That represents a very high mortality rate—some 5 to 17 times higher than has been measured among human hunter-gatherer societies, and 23 to 75 times higher than what’s been seen in other chimpanzee studies.
The researchers identify two factors that may account for this unusual rate of violence and killing. The Ngogo habitat is unusually rich, so the band has grown to some 150 individuals, about three times larger than the average chimpanzee band. That means that there are a lot more adult and adolescent males available to form large and successful raiding parties.

Amsler and her colleagues believe that their findings rule out the theory that chimps only kill each other as a result of human interference. They point out that neither the Ngogo band nor its neighbors have ever been provisioned by humans, and that the raiding they’ve observed is clearly adaptive. The Ngogo band has increased its territory by some 22 percent at the expense of its neighbors. As a result, more of its members are likely to survive and reproduce.

Although the chimpanzee raids are eerily similar to human intergroup aggression and violence, the researchers are reluctant to discuss any linkage.

They do speculate, however, that the high level of within-group cooperation that lets chimpanzees form these patrols and carry out lethal raids on their neighbors may tell us something about the evolution of high levels of cooperative behavior within human groups.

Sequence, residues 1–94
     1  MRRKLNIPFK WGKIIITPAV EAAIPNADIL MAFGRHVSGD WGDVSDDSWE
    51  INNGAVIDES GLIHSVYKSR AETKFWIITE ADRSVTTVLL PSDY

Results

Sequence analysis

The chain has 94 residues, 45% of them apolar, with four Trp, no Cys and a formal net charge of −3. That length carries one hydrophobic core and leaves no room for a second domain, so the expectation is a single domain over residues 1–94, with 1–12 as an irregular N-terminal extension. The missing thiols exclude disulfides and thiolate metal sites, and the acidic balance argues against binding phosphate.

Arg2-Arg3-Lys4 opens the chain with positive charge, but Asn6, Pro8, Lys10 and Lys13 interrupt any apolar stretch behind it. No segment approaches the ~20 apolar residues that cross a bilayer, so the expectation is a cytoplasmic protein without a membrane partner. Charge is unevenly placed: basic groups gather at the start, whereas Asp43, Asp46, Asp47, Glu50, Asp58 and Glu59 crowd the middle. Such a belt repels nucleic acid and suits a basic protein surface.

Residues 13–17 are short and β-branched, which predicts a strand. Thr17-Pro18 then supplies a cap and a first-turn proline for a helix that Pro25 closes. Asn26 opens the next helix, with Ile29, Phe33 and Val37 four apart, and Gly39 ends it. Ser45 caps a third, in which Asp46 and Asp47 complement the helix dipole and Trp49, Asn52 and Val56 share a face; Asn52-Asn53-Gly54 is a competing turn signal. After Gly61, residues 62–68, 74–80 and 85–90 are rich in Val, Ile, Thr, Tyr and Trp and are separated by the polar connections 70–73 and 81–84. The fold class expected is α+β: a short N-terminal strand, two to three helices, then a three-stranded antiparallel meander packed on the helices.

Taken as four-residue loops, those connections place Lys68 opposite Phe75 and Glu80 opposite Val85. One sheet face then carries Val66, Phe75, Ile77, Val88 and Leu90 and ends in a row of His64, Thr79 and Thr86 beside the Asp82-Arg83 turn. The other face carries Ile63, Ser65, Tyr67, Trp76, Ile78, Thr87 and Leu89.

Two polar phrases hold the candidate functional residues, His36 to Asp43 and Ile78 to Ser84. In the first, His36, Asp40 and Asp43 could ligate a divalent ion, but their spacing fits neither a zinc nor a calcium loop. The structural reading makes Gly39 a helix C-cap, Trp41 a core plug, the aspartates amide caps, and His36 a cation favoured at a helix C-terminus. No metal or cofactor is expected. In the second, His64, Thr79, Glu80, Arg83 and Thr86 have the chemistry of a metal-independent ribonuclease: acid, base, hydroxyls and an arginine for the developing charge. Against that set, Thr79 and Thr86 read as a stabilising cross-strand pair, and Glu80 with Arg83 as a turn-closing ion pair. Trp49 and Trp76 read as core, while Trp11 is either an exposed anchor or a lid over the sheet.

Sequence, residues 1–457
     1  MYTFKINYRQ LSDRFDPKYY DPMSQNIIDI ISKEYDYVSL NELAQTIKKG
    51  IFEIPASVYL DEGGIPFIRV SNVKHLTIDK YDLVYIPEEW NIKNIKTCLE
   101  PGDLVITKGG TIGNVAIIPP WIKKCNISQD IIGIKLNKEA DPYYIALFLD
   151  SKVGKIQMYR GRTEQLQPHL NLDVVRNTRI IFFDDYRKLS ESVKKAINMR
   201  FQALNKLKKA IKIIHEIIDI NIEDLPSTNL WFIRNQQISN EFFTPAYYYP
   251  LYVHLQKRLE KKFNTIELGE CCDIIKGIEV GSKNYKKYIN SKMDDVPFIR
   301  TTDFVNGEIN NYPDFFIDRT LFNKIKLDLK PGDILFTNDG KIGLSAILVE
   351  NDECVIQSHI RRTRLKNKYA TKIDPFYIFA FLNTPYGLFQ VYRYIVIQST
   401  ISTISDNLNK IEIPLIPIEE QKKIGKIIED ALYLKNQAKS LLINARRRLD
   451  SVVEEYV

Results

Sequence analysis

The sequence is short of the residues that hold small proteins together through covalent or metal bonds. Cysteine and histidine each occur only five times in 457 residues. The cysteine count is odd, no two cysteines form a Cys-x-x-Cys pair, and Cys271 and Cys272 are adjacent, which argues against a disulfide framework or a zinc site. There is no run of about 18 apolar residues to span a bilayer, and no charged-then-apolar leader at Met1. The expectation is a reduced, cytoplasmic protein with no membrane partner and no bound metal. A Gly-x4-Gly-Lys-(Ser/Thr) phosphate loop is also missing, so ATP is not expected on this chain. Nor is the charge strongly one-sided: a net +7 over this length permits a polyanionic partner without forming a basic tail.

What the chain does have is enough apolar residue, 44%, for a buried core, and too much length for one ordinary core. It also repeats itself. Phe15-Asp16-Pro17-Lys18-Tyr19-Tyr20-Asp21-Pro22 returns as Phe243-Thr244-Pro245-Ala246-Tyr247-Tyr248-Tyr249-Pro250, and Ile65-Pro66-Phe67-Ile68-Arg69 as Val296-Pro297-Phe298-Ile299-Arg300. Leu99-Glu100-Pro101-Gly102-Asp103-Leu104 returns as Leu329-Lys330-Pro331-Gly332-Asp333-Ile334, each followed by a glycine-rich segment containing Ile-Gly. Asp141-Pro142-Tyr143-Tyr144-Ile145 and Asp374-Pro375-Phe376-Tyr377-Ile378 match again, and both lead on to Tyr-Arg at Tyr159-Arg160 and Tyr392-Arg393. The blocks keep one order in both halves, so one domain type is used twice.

It would be ironic if the researchers are right, and that it was our primate ancestors cooperating among themselves in order to compete aggressively with outsiders that made us as cooperative as we are today.

Journal reference: John C. Mitani, David P. Watts and Sylvia J. Amsler, “Lethal intergroup aggression leads to territorial expansion in wild chimpanzees,” Current Biology Vol. 20 No. 12.

For a more in-depth read, click here to see my Suite101 story about this research.
Robert Adler
For the institute

Monday, June 14, 2010

Americas Settled Twice, New Study Finds

A new round has been fired in the long-running controversy about who first settled the Americas.

An international team of researchers compared the shape of more than 1100 skulls from South America, Asia and Australo-Melanesia dating from 11,500 years ago to the present. They found that they could account for the marked differences between the skulls of early and more recent Americans only if there were two founding waves of migration from Asia separated by several thousand years.

Luzia, facial reconstruction by Dr. Richard Neave of 10,500 year old skull from Lagoa Santa, Brazil, published with permission from LEEH-IB-USP

Their conclusions disagree with recent genetic studies, most of which conclude that just one wave of migration from eastern Asia can explain the genetic diversity of American indigenous groups.

Katerina Harvati, a paleoanthropologist at Eberhard-Karls University in Tübingen, Germany and one of the lead authors of the new study says that their results make the one-entry model improbable and refute the widely accepted argument that the differences between early and more recent indigenous Americans can be explained by genetic drift or other evolutionarily neutral processes.